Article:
How Did You Navigate Employee Relations Challenges in 2018?

By: Dana Wilkie December 19, 2018


Gossip, stress, revenge: HR professionals had lots of delicate situations to handle diplomatically this year. These are the year's most-read employee relations articles from SHRM Online.

No. 1: Workplace Gossip: What Crosses the Line?

Is it gossip to spread the news that Ted and Rachel are getting married before Ted and Rachel have announced it publicly?

Is it gossip to speculate whether Carol in accounting is expecting her second child?

When does gossip cross the line from innocuous, garden-variety conversation to something so potentially hurtful, harmful or liable that companies are within their rights to forbid it?

No. 2: Employee Engagement Surveys: Why Do Workers Distrust Them?

This is the time of year when many companies are asking workers to fill out surveys that measure how content they are with their jobs, compensation, benefits and managers.

HR departments often find it difficult to get employees to complete these employee engagement surveys. Sometimes, when workers do fill them out and HR discovers a department has a morale problem, it can be just as difficult to get those workers to speak up and explain why they're unhappy. 

And there's a reason for that, employee engagement experts say.

No. 3: What Managers Can Do to Ease Workplace Stress

Study after study—and survey after survey—tell the same story: Modern workers feel stressed out on the job, and the stress is taking a toll on their sleep, health, relationships, productivity and sense of well-being.

Yet at a time when jobs are arguably easier than ever before—because of automation, technology, employee-friendly laws and attractive benefits—why would the modern worker feel so stressed out?

No. 4: What Are an Applicant's Tattoos Telling Potential Employers?

The job candidate sitting in front of you has tattoos covering most of her left arm. Fair or not, you may conclude that the markings paint her as a renegade and, possibly, even as irresponsible or unreliable. Yet a different manager sitting across from the very same woman might see her tattoos as a sign that she's progressive, creative and able to relate to younger customers. That is how differently today's employers view body art when they consider how well-equipped candidates are for the jobs they're trying to fill.

No. 5: The Miserable Middle Managers

They make dozens of decisions each day, but usually not the big ones that shape a company's future. They're saddled with all the busywork of managing subordinates, yet also answer to higher-ups whose policies they must enforce—even when they don't have a say in making those policies and their direct reports object to them.

They're middle managers, and research finds they are the unhappiest employees at U.S. organizations.

No. 6: Top 10 Ways People Get Revenge at Work

Revenge. We've all heard the sayings: "Revenge is a dish best served cold." "Success is the best revenge." "Beware the fury of a patient man." "We should forgive our enemies, but not before they are hanged." In the workplace, employees find plenty of ways to get revenge. They spread unflattering rumors about their enemies. They hide their co-worker's possessions. They eat a co-worker's lunch. They delete work from a co-worker's computer.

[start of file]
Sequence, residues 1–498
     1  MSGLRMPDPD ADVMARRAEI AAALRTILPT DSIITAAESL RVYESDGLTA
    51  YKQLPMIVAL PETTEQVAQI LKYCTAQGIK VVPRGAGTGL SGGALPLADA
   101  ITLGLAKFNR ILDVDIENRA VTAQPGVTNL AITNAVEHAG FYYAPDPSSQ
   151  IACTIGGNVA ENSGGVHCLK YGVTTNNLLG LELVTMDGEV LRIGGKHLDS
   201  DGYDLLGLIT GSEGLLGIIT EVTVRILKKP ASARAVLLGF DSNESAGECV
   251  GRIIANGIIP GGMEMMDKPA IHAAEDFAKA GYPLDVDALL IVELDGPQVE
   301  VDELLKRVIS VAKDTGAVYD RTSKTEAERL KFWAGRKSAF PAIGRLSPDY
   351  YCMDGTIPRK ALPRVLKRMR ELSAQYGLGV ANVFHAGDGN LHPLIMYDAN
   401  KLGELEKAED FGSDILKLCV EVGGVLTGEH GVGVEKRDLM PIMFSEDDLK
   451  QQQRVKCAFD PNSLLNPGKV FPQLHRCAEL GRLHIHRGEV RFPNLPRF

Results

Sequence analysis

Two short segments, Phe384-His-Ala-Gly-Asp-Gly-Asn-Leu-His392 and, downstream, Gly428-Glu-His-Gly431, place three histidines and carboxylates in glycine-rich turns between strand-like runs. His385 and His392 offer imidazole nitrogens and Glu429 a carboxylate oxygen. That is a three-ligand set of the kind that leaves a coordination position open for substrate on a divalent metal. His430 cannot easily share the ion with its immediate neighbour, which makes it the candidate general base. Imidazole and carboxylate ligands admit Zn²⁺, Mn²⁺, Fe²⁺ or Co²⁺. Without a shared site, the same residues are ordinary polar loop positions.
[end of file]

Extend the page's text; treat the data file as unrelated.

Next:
No. 7Instead of Trying to 'Handle' a Bad Boss, Avoid Hiring One in the First Place

Many of us have read about how to deal with "bad bosses" in all their forms—the temperamental, the mercurial, the bullying, the disorganized, the micromanaging.

But can you avoid hiring a bad manager in the first place? Are there telltale signs during the hiring process that can tip someone off to a job candidate who may end up making employees miserable?

There are, say hiring experts.

No. 8How to Earn the Trust of Your CEO

CEOs report that their top HR professionals aren't able to use analytics to forecast the company's employment needs, they can't effectively identify new talent pipelines and sources of talent, and they don't link employee planning to business planning. In fact, only 11 percent say their HR team is good at these skills, down from 20 percent three years ago, according to an extensive collaborative research project from Development Dimensions International (DDI), The Conference Board and EY.

"While HR leadership should be in an enviable position, in reality it's losing the race," the study's authors wrote. "Their organizations are changing faster than they are, putting them even farther behind."

No. 9: Just Because Your Workers Feel Loyal Doesn't Mean They'll Stay

Do you wonder if your employees feel loyal to your company? They probably do. Do you wonder if they might jump ship for a better job? More than half of them are thinking about it. A recent survey found that while most workers—in fact, 82 percent—say they feel loyalty toward their employers, more than half—59 percent—would leave given the right job opportunity.

No. 10: Today's Young Worker Is Stressed Out and Anxious

Claude Silver has seen plenty of young professionals with mental health disorders—especially anxiety—in her work as chief heart officer for VaynerMedia, a digital advertising company based in New York City with locations around the U.S. "I have seen a lot of anxiety with this younger generation just coming out of universities and into the workforce," Silver said. "I've also noticed the number of people who are on anti-depressants and anti-anxiety medications. It's astonishing how many of these young people are medicated."

Posted 11:00 AM

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